Post Traumatic Stress Disorder & Personal Injury

Post Traumatic Stress Disorder (PTSD) is recognised as a serious mental health condition, experienced by someone who has been involved in or who has witnessed a traumatic event or events. What are the symptoms of PTSD and how is it viewed in terms of personal injury* cases?

What is PTSD?

Post Traumatic Stress Disorder is a psychological condition which usually results directly from trauma experienced following a major event or series of events. PTSD was often associated with the effects of war or combat, but in the 1980s came to be formally recognised as an anxiety disorder and which now is also seen to relate to different, life-threatening, shocking or frightening events. PTSD may come to the fore following a violent incident or assault. It can also occur following a car or other accident. Natural disasters or other major events have also been triggers of the condition in those who suffer.

PTSD is a specific illness which relates directly to a life changing or dramatic events. Increasingly it is recognised in a broader range of circumstances. There are also occasions where people who suffer psychological injury have some of the symptoms of PTSD but may not have the condition. So what are the symptoms of PTSD and how is it diagnosed?

Symptoms and Diagnosis

PTSD symptoms are broad ranging. People suffering from the condition may have many, but not all of the following experiences or feelings:

  • Experienced or witnessed a traumatic event
  • Suffered physical injury during a traumatic event
  • Intense fear or horror during the event
  • Recurring thoughts about the event or events; thoughts that are intrusive or hard to set aside
  • Replaying the event in your mind or a feeling that you are reliving the experience
  • Nightmares about the experience
  • Intense stress when something you see or hear reminds you of the event
  • Actively trying to avoid feelings or thoughts which remind you of the event
  • Avoiding places, people or circumstances which remind you of the event
  • Less interest in hobbies, fun or activities
  • Feelings of anger or upset which arrive suddenly
  • Difficulty expressing emotions in the way you used to
  • Sleep problems from insomnia to irregular sleep patterns
  • Feeling jumpy, anxious or easily startled
  • Lack of concentration, problems with normal routines 

If you have many of the symptoms above, especially for more than one month, you may be displaying some of the signs of PTSD. It can affect up to 30% of people who have experienced a traumatic event. It's vital to seek medical advice and psychological expertise to ascertain if you have the condition, so you can work with experts in addressing what you are feeling or experiencing. Diagnosis and professional help are crucial to improving your mental health and wellbeing. If you don't have PTSD, but are suffering from any of the symptoms listed, you can work with professionals to help address them. If however, you do have PTSD, it's vital that a plan is put in place.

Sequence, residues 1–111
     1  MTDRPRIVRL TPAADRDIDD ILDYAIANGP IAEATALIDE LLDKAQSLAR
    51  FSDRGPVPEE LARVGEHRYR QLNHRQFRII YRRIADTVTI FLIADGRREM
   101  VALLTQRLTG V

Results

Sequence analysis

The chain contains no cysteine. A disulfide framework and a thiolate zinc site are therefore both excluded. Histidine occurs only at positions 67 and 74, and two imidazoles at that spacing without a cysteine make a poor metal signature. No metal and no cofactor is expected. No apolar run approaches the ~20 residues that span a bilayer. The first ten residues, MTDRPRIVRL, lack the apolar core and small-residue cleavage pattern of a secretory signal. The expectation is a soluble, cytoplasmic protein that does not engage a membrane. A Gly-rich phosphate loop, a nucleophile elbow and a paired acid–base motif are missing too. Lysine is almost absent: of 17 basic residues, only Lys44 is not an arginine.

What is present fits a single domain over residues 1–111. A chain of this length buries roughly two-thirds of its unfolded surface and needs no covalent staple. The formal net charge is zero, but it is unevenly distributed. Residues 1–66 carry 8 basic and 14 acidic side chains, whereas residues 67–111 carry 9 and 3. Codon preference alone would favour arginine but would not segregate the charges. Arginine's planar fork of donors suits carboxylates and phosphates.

PTSD and Personal Injury Claims

If you've experienced trauma, be it as the result of a car accident, medical negligence or any other serious event, you need to make sure that you are addressing your mental health as well as your physical recovery. Often people naturally focus on the immediate physical injury, but overlook the effects of trauma on the whole person. If you have PTSD as a result of a trauma, which was not your fault, you may have grounds to make a claim; this may be in isolation or in addition to a claim for physical injury. 

Increasingly PTSD has been cited in personal injury* cases. People have become more aware of the condition and sufferers are more likely to seek diagnosis and treatment. Mental health is a vital part of overall health and as such, psychological injuries are now viewed with the seriousness they deserve. The most important thing is to look after your physical and mental wellbeing following a traumatic event. If the actual event which caused the trauma was as a result of someone else's negligence or inaction, they may be liable for resulting physical or psychological injury. If PTSD was as a direct result of the traumatic event, it may be taken into account in relation to a personal injury* claim. It's important to remember that PTSD is treatable and that there is expert help and advice out there and that there is light at the end of the tunnel. 

If you have suffered from PTSD following a traumatic event, you may have a case to make a personal injury* claim. At Pilar our solicitors will advise you on whether we think you have grounds to make a claim. We will give you honest and expert opinion about all aspects of your case, using clear and jargon free language.

You can call us on 01 2943846 to discuss your case in confidence. You can also contact us by our easy to use form on our homepage




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